This section is from the book "Dental Medicine. A Manual Of Dental Materia Medica And Therapeutics", by Ferdinand J. S. Gorgas. Also available from Amazon: Dental Medicine.
Eucaine is an artificial alkaloid produced by the reaction between acetone (dimethyl ketone, Ch3coch3), and ammonia. Two chemical substances having the name of Eucaine have been introduced, each of them depending for its anaesthetic property upon the presence of the benzoyl molecule in its constitution. They are called, Alpha-Eucaine and Beta-Eucaine. Although Alpha-Eucaine was the substance usually sold under the name of Eucaine, yet it is as poisonous as cocaine, while Beta-Cocaine is not, cocaine being three times more toxic. The use of Alpha-Cocaine has been almost entirely discontinued. The salt principally employed is the hydrochlorate which, when evaporated from the aqueous solution, retains one molecule of water of crystallization.
Eucaine, when applied locally', induces some hyperemia of the mucosae, rather than anemia, but, nevertheless, causes a very decided loss of sensibility. It has a marked advantage over cocaine in being less poisonous, although their dosages are very similar. Lethal doses cause excitation of the central nervous system, convulsions affecting all the muscles, general paralysis, and death by a failure of the respiration. There is no ischemia due to contraction of the blood vessels, as in cocaine anaesthesia, and no paralysis of accommodation. According to Prof. Hare, however, eucaine is capable of producing internal effects resembling an over-dose of cocaine, which must be treated by the use of strong coffee, alcohol, digitalis and strychnine. If the case is pressing, ether, ammonia and nitro-glycerine may be used as rapidly acting stimulants. Solutions of eucaine hydro-chlorate (one part to ten parts of sterilized water) remain permanently unchanged, and boiling will not produce decomposition, which is another advantage over solutions of cocaine hydro-chlorate. This immunity is supposed to be due to its immediate derivation from pure chemicals, instead of from vegetable sources. The local effect of eucaine hydrochlorate upon the circulation is the production of hyperemia, whereas that of cocaine is ischemia. Eucaine also exalts the nervous system, when paralysis follows, the effect being central, causing acceleration of the heart-beats through sedation of the pneumogastric nerve. Experiments made by Dr. A. H. Peck lead him to conclude that the action of cocaine is inconstant, while those of eucaine are constant; that the first action on the heart and respiration of eucaine is that of a stimulant, the after-effects being that of a decided depressant; that eucaine causes death in animals by paralyzing the muscles of the heart and of the respiratory apparatus, they ceasing to operate simultaneously, while cocaine causes death by paralyzing the muscles of the respiratory apparatus, the heart's action continuing in a feeble way for a brief period after breathing ceases; that eucaine in toxic doses nearly always causes nausea, and occasionally vomiting, while cocaine is much less nauseating and scarcely ever causes vomiting; that cocaine is at least three times more toxic than Beta-Eucaine, and that Alpha-Eucaine is as toxic as cocaine. Eucaine solutions should be prepared with distilled or sterilized water, and then brought to the boiling point. All solutions should be freshly prepared to obtain the positive results. Dental Uses. - Beta-eucaine is employed in dental practice as a local anaesthetic. A ten per cent. solution may be made by adding 48 grains of beta-eucaine to the ounce of distilled water, and the solution brought to the boiling point. Of such a solution (10 per cent.) five to eight minims is a proper dose by hypodermic injection. Some recommend an eight per cent. solution as strong enough for the painless extraction of teeth. The mode of application and the precautions to be observed in employing such a solution in the extraction of teeth, are similar to those for the administration of cocaine solutions.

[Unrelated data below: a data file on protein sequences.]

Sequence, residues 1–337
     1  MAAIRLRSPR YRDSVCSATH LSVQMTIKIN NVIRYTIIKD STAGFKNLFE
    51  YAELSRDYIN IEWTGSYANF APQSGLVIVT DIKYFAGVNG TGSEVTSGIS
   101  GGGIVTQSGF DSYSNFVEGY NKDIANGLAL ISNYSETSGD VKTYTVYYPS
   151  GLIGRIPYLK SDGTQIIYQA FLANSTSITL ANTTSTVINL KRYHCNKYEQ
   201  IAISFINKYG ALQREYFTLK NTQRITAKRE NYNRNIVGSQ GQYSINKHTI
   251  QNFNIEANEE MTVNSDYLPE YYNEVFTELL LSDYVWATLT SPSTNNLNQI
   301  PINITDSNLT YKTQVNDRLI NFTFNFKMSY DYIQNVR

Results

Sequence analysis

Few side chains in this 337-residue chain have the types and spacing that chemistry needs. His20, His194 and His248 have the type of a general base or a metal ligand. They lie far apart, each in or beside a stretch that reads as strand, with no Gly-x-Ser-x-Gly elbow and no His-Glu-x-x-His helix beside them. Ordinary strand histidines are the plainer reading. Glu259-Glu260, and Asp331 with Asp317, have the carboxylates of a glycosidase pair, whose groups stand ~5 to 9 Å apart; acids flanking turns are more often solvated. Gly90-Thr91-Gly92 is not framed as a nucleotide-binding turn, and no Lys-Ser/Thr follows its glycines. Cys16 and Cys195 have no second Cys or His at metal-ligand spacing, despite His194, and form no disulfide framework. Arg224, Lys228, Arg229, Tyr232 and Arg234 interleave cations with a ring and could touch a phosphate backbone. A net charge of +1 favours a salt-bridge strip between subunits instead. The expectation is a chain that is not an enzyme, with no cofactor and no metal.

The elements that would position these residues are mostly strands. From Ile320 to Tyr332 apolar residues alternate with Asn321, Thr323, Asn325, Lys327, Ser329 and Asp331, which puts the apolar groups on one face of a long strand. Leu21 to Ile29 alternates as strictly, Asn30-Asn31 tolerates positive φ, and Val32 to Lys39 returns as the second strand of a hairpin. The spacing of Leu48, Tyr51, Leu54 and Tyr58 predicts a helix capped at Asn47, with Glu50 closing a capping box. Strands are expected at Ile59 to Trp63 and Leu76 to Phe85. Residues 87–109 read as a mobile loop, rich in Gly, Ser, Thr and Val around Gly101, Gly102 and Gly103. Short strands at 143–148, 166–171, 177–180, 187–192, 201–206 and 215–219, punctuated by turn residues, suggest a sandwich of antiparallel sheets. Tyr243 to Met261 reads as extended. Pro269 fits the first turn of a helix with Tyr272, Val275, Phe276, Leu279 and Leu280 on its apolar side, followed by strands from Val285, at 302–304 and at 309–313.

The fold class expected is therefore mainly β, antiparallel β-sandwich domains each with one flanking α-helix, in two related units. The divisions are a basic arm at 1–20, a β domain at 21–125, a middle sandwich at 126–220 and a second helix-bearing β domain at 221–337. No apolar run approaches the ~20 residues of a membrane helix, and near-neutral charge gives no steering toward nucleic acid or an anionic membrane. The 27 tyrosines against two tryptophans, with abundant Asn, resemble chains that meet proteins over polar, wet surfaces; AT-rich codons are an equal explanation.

Eucaine solution is also serviceable in capping crowns of teeth, inserting bridge-work, and applying clamps in connection with the rubber dam, especially when the gums are tender and bleeding ; also for hypersensitive dentine, especially by the cataphoric method. (See Vapocaine.)